Definition: What is Balz Schiemann Reaction?
The Balz–Schiemann reaction is a chemical reaction in which a primary aromatic amine is transformed into an aryl fluoride via diazonium tetrafluoroborate intermediate. The primary reactants are aryl amines, nitrous acid, and fluoroboric acid. The process involves the conversion of arylamines to aryl fluorides via diazotization and subsequent thermal decomposition of the derived tetrafluoroborates or hexafluorophosphates. The decomposition may also be induced photochemically [1-2].
This reaction is especially vital for synthesizing the specifically fluorinated aromatic compounds, of which the decomposition in the absence of solvent usually affords a reasonably good yield of aromatic fluorides. The reaction is similar to the Sandmeyer reaction, which converts diazonium salts to other aryl halides.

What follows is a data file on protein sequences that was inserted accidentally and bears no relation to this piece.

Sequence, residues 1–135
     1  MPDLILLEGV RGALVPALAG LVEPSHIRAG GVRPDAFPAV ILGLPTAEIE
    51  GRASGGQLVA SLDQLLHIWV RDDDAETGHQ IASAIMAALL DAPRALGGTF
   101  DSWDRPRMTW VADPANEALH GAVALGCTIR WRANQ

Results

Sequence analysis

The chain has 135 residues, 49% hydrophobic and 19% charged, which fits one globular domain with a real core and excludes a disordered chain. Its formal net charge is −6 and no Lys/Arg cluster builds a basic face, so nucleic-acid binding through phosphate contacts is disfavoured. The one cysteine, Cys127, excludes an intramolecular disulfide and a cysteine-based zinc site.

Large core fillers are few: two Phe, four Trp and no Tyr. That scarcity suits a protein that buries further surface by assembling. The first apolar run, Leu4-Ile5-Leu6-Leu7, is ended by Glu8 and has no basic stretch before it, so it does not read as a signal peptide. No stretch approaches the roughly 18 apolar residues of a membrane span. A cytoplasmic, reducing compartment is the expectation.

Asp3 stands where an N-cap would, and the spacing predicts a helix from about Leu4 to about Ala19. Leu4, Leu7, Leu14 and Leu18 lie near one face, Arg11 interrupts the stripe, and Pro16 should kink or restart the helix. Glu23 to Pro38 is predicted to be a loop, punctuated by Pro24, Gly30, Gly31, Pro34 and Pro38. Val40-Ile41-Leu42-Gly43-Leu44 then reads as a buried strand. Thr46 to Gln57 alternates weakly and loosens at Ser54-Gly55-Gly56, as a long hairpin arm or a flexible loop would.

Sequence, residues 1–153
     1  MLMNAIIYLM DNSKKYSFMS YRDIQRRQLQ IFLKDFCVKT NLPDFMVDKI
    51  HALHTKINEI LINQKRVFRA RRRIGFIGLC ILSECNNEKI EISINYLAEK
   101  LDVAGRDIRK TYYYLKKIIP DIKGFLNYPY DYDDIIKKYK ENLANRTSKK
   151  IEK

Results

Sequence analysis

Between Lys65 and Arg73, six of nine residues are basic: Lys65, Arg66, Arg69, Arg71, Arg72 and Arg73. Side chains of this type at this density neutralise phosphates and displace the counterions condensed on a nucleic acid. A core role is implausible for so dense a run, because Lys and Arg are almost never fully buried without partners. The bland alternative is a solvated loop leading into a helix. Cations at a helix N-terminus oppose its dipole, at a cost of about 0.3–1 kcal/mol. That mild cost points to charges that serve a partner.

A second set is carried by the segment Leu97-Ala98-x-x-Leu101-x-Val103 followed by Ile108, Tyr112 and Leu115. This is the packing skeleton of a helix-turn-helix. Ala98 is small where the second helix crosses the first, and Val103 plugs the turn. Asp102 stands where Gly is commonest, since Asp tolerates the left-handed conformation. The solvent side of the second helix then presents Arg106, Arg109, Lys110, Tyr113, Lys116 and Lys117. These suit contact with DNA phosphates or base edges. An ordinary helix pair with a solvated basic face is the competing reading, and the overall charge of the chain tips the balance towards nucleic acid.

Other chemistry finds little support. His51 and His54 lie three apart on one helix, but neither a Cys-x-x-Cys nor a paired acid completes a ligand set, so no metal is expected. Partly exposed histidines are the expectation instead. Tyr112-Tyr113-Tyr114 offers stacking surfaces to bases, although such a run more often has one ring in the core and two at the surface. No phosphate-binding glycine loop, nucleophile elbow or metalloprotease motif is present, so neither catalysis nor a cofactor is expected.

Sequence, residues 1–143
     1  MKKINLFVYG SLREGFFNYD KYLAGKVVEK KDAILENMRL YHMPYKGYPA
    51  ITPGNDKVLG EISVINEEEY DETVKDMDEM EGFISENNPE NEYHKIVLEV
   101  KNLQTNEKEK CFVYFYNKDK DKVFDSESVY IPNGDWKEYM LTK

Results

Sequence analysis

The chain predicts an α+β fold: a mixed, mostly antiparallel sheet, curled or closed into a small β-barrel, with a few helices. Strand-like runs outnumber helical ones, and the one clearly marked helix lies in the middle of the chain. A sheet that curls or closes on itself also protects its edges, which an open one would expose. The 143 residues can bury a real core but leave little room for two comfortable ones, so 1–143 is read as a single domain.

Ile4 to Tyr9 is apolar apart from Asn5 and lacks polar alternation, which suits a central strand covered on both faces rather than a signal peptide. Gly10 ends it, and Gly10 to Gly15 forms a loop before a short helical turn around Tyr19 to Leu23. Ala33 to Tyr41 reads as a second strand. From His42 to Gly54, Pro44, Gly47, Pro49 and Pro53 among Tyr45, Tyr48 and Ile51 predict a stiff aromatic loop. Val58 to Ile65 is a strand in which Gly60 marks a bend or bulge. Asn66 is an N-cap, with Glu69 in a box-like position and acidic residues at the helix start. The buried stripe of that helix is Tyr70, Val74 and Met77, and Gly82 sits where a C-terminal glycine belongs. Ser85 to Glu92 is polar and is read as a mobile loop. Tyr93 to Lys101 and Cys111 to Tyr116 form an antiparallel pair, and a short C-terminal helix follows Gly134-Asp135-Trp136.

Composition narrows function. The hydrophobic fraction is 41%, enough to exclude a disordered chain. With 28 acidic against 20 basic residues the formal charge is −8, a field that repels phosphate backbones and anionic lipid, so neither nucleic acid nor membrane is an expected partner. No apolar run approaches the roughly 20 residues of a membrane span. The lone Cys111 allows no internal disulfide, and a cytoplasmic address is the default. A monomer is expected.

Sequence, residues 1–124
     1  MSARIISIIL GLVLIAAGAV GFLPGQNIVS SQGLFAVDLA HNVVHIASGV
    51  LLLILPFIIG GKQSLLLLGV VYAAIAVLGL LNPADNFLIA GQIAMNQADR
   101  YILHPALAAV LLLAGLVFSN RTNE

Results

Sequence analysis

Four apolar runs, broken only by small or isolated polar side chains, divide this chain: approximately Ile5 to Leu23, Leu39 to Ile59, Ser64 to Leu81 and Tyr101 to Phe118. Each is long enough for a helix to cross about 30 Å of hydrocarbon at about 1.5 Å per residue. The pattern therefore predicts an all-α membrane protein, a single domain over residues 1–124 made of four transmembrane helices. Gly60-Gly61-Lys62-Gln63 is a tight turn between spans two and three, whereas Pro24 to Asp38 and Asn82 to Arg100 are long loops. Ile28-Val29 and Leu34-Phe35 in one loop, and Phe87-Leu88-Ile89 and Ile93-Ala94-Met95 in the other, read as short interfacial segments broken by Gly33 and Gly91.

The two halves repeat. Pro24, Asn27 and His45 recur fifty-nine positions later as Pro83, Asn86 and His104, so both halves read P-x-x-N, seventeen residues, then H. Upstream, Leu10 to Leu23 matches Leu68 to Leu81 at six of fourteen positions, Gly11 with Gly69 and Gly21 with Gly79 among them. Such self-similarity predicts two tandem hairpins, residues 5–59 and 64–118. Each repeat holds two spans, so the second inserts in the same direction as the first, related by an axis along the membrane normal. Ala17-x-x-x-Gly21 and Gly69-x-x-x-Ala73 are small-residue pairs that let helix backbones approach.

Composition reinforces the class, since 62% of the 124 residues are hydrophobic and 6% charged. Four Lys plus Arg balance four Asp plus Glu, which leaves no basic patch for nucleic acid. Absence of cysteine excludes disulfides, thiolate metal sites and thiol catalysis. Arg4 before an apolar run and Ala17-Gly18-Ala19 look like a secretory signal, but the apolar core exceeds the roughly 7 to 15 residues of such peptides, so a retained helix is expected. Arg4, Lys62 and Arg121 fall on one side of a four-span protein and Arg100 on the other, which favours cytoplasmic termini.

The reaction is named after the German chemists Günther Schiemann and Günther Balz, who reported the reaction in a 1927 journal.
Example of Balz Schiemann Reaction
An example of Balz–Schiemann reaction is the conversion of phenylamine (aniline) into phenyl fluoride (fluorobenzene) using nitrous acid, fluoroboric acid, and heat [1-3].
Mechanism of Balz Schiemann Reaction
While the Balz–Schiemann reaction is thought to proceed via an SN1 reaction mechanism, reactivity trends have been unpredictable. Aromatic amines undergo diazotization under the influence of nitrous acid. Fluoroboric acid is added to give rise to the corresponding aryl diazonium salt. This aryl diazonium salt is subjected to heat to undergo thermal decomposition and give the aryl fluoride along with nitrogen gas and boron trifluoride [1-3].